Check Your Work: How Much Do You Know About Migraine Triggers?


Dive in and learn more about the answers to yesterday’s quiz.

Before you read further, take the quiz: Quiz: How Much Do You Know About Migraine Triggers?

Each week during Migraine and Headache Awareness Month, Drug Topics will be publishing a weekly quiz focused on a different aspect of migraine and headache management. Our second weekly quiz, published on Thursday, June 20, focused on migraine triggers. Below, we break down the answers.

Question 1

Which of the following is the most common behavioral trigger for migraines?

Answer: Poor sleep hygiene

It’s not uncommon for people with migraine to wake up with a headache, which can be attributed this to a patient’s sleeping habits. There is an association between poor sleep—including poor sleep hygiene and conditions such as insomnia—and migraine frequency and intensity.1

Question 2

A patient reports experiencing migraines before their menstrual period. This is likely due to fluctuations in which hormone?

Answer: Estrogen

Although both men and women can experience migraine, the condition is more common in women than in men: Approximately 1 in 5 women experience migraine, compared to 1 in 16 men. One potential reason for this disparity is hormones—specifically, estrogen. Changes in estrogen levels, such as those that occur during the menstrual cycle, pregnancy, and menopause, are associated with migraine, including menstrual migraine which impacts between 60% and 70% of women who get migraine.2

Question 3

A young adult with migraines mentions consuming large amounts of processed foods daily. What dietary factor could be a potential trigger?

Answer: Artificial sweeteners (aspartame)

According to the American Migraine Foundation, food triggers “appear to be important in a minority of [people living with migraine].” But like all triggers, they are highly individualized: some migraineurs are triggered by caffeine, while others are triggered by alcohol or chocolate. Foods such as cheese and processed meats contain tyramine and nitrates, respectively, which can also trigger migraine attacks for some. Even additives like aspartame and monosodium glutamate (MSG) may be triggers—but scientific evidence varies.3

Question 4

A patient describes experiencing a migraine after spending a sunny afternoon at the beach. What environmental factor could be a trigger?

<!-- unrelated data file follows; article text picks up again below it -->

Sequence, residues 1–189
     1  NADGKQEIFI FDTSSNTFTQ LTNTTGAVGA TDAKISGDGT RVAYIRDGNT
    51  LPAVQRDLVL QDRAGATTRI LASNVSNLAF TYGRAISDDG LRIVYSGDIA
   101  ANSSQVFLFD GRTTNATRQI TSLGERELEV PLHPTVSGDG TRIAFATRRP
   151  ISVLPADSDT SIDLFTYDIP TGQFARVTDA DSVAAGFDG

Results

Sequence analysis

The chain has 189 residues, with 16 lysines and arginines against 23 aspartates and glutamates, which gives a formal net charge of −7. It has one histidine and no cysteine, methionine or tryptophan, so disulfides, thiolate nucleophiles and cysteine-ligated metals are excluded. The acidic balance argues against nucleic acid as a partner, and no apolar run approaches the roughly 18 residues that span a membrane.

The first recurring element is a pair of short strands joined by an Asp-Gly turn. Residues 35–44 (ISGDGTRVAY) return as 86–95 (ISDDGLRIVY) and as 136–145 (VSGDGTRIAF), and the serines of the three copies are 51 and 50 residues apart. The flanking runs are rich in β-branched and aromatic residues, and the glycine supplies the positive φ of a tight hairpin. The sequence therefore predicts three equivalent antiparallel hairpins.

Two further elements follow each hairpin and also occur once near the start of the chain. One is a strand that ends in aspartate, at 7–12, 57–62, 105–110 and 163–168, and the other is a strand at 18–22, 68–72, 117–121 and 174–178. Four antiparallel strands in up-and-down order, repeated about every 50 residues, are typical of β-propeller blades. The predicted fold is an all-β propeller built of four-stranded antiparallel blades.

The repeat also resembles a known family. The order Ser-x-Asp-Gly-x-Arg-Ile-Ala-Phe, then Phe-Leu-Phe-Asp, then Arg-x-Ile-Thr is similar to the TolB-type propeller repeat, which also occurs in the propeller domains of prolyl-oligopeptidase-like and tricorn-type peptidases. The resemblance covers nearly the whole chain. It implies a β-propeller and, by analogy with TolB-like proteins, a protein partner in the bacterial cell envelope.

Answer: All of the above

Unfortunately for migraineurs who love soaking up the sun, even a sunny afternoon at the beach can trigger a migraine. “The migraine brain hates change,” an article published on the American Migraine Foundation website noted, and changing seasons are no exception.4 Before hitting the beach, suggest that patients with migraine prepare to avoid direct sunlight through sufficient shade, sun hats, and sunglasses, limit alcohol consumption, maintain a regular sleep schedule, and—perhaps most importantly—remain hydrated.

Question 5

When counseling a patient about potential migraine triggers, it's important to emphasize that:

Answer: Triggers can be personal and vary greatly from person to person.

Unfortunately for those living with migraine, triggers are highly individual: what bothers one person may not bother another, and what best treats a migraine can also vary from person to person. In order to provide the best care, crucial for pharmacists and other health care providers to understand the highly individualized nature of the disease.5

  1. Sleep, insomnia, and migraine. American Migraine Foundation. October 25, 2023. Accessed June 21, 2024.
  2. Pasque LS. Estrogen fluctuations and migraines: The menstrual connection. Mayo Clinic Press. November 16, 2023. Accessed June 21, 2024.
  3. Diet and headache control. American Migraine Foundation. August 13, 2016. Accessed June 21, 2024.
  4. How to make the most of summer with migraine. American Migraine Foundation. July 21, 2022. Accessed June 21, 2024.
  5. Migraine triggers. American Headache Society. August 10, 2018. Accessed June 21, 2024.
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